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Ch. Pichon Longueville is one of the most important Super Seconds and is really hitting its stride under winemaker Nicolas Glumineau. The 2016 has a dark, concentrated colour with a delicate nose of cassis, dark fruits and blackcurrant. Well-structured and concentrated, there is a beautiful weight and ethereal texture to this wine, combining power, elegance, density and precision. It finishes long with a slight saline note and tremendous length.
Only 24 left in stock!
|When to Drink||2025 to 2060|
|Producer||Château Pichon Longueville Comtesse de Lalande|
|Appellation||Pauillac - 2eme Cru|
|Grapes||Cabernet Sauvignon 75%, Merlot 21%, Cabernet Franc 4%|
|Volume||75cl (Full Bottle)|
BY ANTONIO GALLONI | OCTOBER 20, 2017
Pichon Longueville Comtesse de Lalande is arguably the single hottest château on Bordeaux’s Left Bank right now. Quality has been steadily on the rise for some time, culminating in a trio of spectacular wines in 2014, 2015 and 2016. This remarkable retrospective, many months in the making, provided a fascinating opportunity to explore the château’s rich history.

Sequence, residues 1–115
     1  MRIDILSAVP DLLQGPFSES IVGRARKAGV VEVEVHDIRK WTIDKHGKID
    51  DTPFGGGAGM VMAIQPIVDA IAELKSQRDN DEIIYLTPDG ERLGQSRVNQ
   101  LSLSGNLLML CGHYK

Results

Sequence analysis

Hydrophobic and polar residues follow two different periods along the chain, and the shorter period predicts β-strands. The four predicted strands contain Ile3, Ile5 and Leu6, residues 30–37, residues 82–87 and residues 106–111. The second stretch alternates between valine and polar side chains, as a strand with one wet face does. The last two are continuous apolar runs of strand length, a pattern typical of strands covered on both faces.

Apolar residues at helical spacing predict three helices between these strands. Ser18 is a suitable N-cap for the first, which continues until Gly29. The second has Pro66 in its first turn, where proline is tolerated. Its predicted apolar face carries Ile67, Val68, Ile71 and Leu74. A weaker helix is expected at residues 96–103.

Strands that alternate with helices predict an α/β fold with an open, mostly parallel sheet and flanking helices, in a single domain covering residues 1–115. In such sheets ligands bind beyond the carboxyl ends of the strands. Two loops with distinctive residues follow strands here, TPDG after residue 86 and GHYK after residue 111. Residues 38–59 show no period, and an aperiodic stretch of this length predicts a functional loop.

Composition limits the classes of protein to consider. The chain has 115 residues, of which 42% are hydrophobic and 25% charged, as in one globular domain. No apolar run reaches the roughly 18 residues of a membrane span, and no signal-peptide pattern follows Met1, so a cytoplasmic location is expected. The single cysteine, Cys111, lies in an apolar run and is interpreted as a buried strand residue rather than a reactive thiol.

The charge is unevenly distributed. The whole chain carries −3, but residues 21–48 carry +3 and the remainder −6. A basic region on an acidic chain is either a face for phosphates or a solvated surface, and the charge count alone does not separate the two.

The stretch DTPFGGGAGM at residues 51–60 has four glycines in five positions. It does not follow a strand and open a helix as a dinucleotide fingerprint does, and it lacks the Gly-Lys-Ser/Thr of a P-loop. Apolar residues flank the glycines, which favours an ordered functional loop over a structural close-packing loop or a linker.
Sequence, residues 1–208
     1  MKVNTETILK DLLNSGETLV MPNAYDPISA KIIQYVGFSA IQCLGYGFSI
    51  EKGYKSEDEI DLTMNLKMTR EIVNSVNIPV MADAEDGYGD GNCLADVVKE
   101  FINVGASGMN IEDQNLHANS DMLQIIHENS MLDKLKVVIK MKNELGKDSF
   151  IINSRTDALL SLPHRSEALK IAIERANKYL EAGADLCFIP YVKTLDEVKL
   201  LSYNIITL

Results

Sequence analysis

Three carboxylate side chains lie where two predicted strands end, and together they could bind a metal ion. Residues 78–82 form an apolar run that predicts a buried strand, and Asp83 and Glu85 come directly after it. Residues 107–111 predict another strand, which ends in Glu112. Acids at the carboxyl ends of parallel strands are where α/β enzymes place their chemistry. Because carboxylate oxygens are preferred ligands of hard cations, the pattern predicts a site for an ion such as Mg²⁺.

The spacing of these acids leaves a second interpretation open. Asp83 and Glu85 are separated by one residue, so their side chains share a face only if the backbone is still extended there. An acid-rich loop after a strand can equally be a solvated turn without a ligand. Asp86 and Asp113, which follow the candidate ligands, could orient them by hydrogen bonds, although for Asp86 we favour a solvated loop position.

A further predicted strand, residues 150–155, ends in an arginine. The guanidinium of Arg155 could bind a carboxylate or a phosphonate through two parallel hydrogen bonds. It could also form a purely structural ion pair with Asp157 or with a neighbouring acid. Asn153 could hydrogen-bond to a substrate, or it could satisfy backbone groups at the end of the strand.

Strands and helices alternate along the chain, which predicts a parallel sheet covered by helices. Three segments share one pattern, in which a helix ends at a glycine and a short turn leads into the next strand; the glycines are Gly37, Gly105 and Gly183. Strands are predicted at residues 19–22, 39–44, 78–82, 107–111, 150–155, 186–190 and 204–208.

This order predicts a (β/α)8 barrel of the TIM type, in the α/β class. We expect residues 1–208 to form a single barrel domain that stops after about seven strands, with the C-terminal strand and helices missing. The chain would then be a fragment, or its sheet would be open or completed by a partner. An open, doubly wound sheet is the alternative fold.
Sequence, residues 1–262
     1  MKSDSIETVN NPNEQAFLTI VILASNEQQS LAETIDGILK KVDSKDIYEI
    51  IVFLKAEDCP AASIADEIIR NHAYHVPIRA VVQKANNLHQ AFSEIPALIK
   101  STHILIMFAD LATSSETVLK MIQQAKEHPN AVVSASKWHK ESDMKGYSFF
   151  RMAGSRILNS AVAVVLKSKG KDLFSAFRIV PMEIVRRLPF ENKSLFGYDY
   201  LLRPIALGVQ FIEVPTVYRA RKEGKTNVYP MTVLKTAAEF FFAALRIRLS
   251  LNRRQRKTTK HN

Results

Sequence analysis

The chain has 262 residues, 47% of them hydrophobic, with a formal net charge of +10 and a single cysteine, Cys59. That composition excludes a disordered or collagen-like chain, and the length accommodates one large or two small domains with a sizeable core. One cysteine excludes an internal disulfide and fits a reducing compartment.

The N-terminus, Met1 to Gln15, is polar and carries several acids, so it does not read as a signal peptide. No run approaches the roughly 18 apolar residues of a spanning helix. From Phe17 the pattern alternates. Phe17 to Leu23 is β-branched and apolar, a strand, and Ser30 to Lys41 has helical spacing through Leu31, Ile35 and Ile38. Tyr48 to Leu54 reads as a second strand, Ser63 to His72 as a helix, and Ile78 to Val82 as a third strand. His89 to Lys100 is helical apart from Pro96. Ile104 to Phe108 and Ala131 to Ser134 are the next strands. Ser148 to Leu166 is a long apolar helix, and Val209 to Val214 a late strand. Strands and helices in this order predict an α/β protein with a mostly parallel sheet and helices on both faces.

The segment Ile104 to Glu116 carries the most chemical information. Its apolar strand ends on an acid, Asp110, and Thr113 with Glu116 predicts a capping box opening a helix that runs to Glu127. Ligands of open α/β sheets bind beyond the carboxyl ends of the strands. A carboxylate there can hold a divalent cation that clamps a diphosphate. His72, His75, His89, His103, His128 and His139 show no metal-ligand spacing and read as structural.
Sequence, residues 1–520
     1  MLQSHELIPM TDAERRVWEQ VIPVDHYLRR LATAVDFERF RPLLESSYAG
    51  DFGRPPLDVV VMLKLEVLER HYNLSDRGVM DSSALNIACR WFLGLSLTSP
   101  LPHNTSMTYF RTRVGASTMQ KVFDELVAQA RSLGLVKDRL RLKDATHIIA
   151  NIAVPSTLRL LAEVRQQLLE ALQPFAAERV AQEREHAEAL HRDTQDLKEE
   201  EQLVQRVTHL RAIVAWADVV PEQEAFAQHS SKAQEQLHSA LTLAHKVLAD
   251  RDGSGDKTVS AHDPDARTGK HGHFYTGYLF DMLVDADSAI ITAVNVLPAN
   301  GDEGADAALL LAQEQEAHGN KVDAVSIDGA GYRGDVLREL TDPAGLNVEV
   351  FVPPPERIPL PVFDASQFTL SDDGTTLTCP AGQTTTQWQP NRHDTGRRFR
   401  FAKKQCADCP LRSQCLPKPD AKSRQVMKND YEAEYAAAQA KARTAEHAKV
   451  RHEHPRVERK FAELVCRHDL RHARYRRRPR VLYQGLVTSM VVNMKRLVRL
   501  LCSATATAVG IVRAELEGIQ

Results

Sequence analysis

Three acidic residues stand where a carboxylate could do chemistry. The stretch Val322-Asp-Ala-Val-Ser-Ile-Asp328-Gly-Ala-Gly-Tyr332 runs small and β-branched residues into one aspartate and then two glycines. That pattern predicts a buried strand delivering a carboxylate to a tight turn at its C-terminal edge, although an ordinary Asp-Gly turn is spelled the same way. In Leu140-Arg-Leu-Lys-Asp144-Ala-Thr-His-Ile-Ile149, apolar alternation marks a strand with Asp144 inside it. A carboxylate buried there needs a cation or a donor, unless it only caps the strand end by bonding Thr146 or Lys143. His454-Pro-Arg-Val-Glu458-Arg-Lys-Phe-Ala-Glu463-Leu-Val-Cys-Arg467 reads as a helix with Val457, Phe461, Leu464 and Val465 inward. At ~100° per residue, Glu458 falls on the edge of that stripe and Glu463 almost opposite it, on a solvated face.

“Tell me your birth year,” Pichon Lalande’s Technical Director Nicolas Glumineau wrote when he confirmed our appointment “and don’t tell me it is 1961,” he added dryly, no doubt in reference to what must be a very small stock of remaining bottles from one of the most historic vintages in Bordeaux of the last century. Imagine my surprise when I walked into Pichon Lalande’s gleaming new tasting room and saw not only the 1961, but pretty much every vintage of note going back to the 1920s. And, in case you are wondering, no, 1961 is not my birth year.
I tasted all of the wines in this article with Glumineau and Charles Fournier, who serves as Pichon Lalande’s Head of Sales and Marketing. Glumineau organized the wines into two groupings. We started with younger wines from 2005 through 2016, tasted in ascending order, that provided a fascinating opportunity to track the evolution of Pichon Lalande, first under the Rouzaud family’s stewardship, and then in the years since Glumineau arrived from Montrose. The second flight started with the 1989 and moved back through series of older vintages culminating with the 1921. I can only describe tasting these vintages as one of the most totally hedonistic experiences of my life.
A view of Pichon Lalande and neighboring châteaux in Pauillac and Saint-Julien. © 2017, Alessandro Masnaghetti. Used by permission.
A Brief Overview